The Nazis got very close to capturing her in 1943, but she escaped across the Pyrenees Mountains to Spain. She was wearing espadrilles at the time, a lightweight shoe popular in the 1940’s (and again in the 1970’s). This marked the first part of her heroic career for me, and I chose to present in marble Ms. Wake as the young, glamorous Resistance fighter in fashionable footwear. Feminine and fearless.

Her Heroism Continues

Nancy Wake took a boat from Spain to England, where the English government invited her to join the Special Operations Executive, a secret service organization, to train as a spy. She excelled in all aspects of espionage training and parachuted from an airplane back into occupied France.  She was most effective saving Allied lives and thwarting Nazis for the duration of the war.

Nancy Wake was a glamorous, fearless young woman. She was an excellent shot, had unlimited determination, spoke her mind, and could drink any man under the table. Nancy felt her greatest achievement was a 190-mile, 72-hour bike ride to carry secret radio codes to Allied radio operators, and to send an urgent message to London. She had to pass through several Nazi checkpoints en route. She was a deadly flirt and greeted the Nazi soldiers with, “Hi boys, you wanna’ search me?”  Her training in hand-to-hand combat proved life-saving on this journey when she had to dispatch a Nazi soldier with a karate chop to the throat.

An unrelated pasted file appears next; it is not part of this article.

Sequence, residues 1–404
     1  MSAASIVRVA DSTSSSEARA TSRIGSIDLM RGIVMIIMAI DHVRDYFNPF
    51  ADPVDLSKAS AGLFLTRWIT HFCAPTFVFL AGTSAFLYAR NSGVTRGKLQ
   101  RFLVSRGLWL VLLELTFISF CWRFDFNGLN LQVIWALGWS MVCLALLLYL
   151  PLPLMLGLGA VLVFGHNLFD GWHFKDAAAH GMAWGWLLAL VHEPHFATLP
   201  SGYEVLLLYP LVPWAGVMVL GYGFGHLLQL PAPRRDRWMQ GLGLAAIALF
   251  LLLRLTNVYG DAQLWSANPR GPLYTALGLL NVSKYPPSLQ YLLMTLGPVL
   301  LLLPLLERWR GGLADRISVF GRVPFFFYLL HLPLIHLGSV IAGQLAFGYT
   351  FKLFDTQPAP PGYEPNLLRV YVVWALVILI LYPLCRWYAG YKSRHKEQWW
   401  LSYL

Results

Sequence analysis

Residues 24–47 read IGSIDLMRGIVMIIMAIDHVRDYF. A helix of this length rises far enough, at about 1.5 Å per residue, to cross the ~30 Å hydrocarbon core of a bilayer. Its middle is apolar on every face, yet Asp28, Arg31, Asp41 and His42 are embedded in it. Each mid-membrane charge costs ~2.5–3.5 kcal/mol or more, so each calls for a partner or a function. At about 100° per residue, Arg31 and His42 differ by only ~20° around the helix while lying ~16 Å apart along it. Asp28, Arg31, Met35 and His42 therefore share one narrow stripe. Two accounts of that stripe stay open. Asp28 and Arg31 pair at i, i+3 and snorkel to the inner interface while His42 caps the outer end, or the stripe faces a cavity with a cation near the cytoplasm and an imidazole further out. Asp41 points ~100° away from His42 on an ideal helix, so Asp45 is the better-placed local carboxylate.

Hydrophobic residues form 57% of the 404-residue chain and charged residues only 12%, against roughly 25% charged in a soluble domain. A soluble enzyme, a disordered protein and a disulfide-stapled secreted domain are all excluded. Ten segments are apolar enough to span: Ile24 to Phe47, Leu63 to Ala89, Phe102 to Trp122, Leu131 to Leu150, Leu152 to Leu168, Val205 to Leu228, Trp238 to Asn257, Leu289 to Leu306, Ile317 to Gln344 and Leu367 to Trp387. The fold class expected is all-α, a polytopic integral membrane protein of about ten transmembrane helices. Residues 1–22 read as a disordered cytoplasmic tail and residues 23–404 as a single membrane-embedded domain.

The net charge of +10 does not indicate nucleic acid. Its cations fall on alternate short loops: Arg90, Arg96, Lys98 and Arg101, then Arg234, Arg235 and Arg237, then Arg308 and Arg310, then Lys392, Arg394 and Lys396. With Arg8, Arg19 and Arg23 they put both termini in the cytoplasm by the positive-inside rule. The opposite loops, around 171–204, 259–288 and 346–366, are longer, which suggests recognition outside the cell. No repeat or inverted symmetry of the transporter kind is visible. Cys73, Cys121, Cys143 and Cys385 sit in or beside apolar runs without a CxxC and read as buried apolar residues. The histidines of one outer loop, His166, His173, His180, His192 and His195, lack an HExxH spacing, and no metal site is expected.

After the war, Nancy Wake learned that her husband had been captured, tortured, and killed by the Nazis in 1943 but he never disclosed any information about her. She was celebrated as a hero and awarded five medals by France including their highest honor, the Legion d’Honneur, and medals from Great Britain and the US.  She accepted medals from other countries awarded to her later in life.

Stone

The stone is Carrara Marble, the stone of gods and heroes. The vein and subtle inclusions in the stone remind me that Ms. Wake was not afraid to get her hands dirty, her spirit and bravery transcended her own comfort. The crystal in the stone dazzles, as does the adventurous life of Nancy Wake.

Working small is quite challenging since most stone tools are designed for larger sculptures. I used tiny burrs and files for most of the work. The sanding and finishing process was ultra-painstaking since all the forms are very small. Perfecting them was a matter of microns. Working very small in stone is equally as challenging as working very big.

Outcomes